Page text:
June 6, 1996 in Nation/World

So Far, Lion Hunt Comes Up Empty Terrified Commuter Reports African Lion In West Spokane

Jeanette White Gita Sitaramiah Contri Staff writer

It was a bad day for spotting lion paw prints.

“You can’t tell because the ground’s so dry,” Jennifer Kline mumbled Wednesday, scouring the dirt along a west Spokane roadside.

The 500-pound African lion that reportedly terrified a woman driving to work eluded Kline and other animal-control officers.

But it kept children at a nearby grade school inside for recess. It rerouted horseback riders at Indian Canyon Riding Stables.

And it gave retirees at the Indian Canyon Golf Course plenty of fodder for bad jokes.

“As long as he’s got a 10-stroke handicap, we don’t care,” said Jack Hoisington, 78.

“Hell, we’ve got clubs!” shouted Wally Hofstrand, 78, swinging a pitching wedge above his head. “Heavy ones, too.”

Searchers weren’t so amused.

“My concern would be it doesn’t have a fear of humans,” said Nancy Sattin, director of Spokane County Animal Control. “And if it’s hungry, that’s double jeopardy.”

Sattin suspects the lion, spotted just before 6 a.m. on Canyon Drive, is someone’s pet. It escaped, she figures, or was dumped by someone tired of raising it.

Authorities received two calls from people who said they had spotted an African lion and another from a woman who said she may have heard the animal’s growls.

The lion first strolled off the golf course and crossed Canyon, forcing a woman to stop her car just 4 feet away. The lion was thin and the color of light coffee, the woman said. It had a mane and a tuft of fur on its tail.

“She said she had the windows rolled up,” said Sattin. “Tightly.”

Finally, the lion ambled away into the woods.

During the 2-1/2-hour search, Sattin left her dart gun in her pickup. She planned to call a veterinarian with stronger tranquilizers should the animal emerge.

The last report came Wednesday night. Lynn Stannard heard about the lion on the loose and wondered whether that explains the deep growls she’s been hearing outside her home at Sixth and Rimrock.

“I’ve been hearing it for four nights,” said Stannard, 30, who worries about her two young children, her chickens and cats. “My neighbors tease me because I said it sounds like demons.”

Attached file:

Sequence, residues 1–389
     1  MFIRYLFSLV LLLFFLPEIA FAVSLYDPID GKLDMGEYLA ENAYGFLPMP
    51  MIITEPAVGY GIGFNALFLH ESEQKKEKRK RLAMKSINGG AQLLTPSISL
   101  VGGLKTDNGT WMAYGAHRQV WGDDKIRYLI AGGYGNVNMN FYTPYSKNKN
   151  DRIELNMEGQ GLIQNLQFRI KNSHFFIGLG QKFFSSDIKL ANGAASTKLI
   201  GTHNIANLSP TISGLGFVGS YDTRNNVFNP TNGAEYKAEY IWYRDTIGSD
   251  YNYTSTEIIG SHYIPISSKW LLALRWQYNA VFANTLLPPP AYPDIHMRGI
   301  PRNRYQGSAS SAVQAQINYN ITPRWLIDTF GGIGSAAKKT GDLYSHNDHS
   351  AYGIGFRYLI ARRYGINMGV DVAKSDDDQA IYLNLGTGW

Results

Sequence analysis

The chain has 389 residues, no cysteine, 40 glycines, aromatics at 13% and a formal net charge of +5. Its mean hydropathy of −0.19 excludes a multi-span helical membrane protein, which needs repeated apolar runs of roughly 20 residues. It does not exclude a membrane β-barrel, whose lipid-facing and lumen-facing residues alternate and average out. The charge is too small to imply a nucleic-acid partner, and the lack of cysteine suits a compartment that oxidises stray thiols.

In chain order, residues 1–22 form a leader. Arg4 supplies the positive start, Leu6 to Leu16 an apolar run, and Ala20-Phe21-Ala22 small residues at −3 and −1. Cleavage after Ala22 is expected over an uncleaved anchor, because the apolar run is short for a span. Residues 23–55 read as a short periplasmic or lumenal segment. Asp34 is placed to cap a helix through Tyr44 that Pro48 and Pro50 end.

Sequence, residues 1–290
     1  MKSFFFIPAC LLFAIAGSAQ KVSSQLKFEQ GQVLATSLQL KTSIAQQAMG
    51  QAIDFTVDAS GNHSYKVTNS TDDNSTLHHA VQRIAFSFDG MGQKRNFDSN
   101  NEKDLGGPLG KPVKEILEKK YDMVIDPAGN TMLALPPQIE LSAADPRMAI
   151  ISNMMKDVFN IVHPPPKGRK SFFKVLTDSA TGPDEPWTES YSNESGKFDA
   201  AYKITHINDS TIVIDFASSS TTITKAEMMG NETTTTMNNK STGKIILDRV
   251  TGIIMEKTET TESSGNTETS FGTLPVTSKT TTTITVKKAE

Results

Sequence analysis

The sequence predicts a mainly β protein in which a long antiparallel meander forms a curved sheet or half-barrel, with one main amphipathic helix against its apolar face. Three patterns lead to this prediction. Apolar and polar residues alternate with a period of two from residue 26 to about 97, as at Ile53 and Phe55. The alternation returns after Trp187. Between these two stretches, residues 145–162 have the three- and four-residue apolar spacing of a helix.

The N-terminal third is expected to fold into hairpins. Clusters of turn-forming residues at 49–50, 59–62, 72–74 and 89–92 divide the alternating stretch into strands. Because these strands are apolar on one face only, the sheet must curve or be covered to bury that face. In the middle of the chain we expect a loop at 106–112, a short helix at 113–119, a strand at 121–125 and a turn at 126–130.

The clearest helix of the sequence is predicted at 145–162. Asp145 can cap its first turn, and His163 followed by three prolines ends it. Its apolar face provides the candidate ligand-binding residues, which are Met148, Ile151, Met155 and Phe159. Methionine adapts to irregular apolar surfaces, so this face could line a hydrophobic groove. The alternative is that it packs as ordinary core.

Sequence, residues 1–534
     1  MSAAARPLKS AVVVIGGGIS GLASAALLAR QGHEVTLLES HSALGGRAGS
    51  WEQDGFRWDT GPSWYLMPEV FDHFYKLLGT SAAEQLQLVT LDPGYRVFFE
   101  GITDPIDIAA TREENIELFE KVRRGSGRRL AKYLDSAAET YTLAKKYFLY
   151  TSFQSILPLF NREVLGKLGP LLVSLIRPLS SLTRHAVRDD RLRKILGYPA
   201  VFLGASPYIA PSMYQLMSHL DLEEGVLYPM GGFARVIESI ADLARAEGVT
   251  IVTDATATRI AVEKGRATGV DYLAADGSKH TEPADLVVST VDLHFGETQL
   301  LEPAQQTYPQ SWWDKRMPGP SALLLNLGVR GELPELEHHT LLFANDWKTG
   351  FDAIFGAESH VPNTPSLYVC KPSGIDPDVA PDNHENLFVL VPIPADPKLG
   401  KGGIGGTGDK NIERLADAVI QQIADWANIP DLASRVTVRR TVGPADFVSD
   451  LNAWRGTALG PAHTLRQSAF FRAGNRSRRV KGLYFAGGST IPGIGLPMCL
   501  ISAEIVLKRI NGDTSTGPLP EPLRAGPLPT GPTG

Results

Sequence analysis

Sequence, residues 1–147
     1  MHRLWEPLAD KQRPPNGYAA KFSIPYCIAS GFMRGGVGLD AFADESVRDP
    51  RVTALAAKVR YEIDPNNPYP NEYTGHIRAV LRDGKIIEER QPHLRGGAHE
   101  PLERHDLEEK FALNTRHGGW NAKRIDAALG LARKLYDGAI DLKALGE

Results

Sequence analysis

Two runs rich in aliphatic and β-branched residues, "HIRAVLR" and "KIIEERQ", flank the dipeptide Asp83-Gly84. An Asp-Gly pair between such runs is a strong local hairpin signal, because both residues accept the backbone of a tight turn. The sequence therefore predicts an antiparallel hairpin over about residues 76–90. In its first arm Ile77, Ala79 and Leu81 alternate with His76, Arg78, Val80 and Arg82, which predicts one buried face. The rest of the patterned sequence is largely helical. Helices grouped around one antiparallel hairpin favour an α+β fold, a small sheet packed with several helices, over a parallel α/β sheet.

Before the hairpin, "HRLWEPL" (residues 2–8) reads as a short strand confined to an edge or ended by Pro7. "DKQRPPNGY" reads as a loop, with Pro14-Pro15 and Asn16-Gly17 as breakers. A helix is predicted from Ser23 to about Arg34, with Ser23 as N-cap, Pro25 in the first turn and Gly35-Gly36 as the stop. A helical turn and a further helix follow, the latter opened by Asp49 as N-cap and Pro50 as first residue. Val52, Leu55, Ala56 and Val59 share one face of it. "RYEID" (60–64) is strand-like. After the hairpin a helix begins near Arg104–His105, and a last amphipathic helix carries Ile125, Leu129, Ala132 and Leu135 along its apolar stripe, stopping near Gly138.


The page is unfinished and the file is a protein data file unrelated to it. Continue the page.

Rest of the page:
After talking to Stannard, authorities searched the immediate area and set a large trap baited with cat food. Late Wednesday, however, the lion had not been found.

The agency has never tracked an African lion before, although it has plenty of experience with cougars.

“It was frozen with fear on the pedestrian railway,” said Sattin.

She spent Wednesday afternoon on the telephone, asking experts how best to tranquilize a lion. The lion, a nocturnal animal, likely slept most of Wednesday, she said.

The folks at Great Northern Elementary didn’t take any chances. Students spent the warm, sunny day inside - recess and all.

The sighting was close enough to the school to frighten parents. “As the car goes, probably four miles,” said Superintendent Glenn Frizzell. “But as a lion trots, I don’t know.”

Riders at Indian Canyon Riding Stables left their normal paths to avoid suspected feline territory.

“We’ve all been keeping our eyes open,” said manager Mitch Mitchell. “We really would like to have that taken care of.”

Until the mystery lion is captured, experts have advice that sounds tough to follow. If you see the lion, don’t scream. Don’t run.

“It’ll consider anything moving as a potential threat. You’ve gotta treat it with respect,” said Lee Werle, mammal curator at Seattle’s Woodland Park Zoo.

“Back slowly away, facing the animal until you’re quite aways away,” said Sattin. “Then go immediately to a phone and call my department.”

People with information about the lion can call Sattin at 458-2532.

, DataTimes ILLUSTRATION: Photo

The following fields overflowed: BYLINE = Jeanette White Staff writer Staff writer Gita Sitaramiah contributed to this report.

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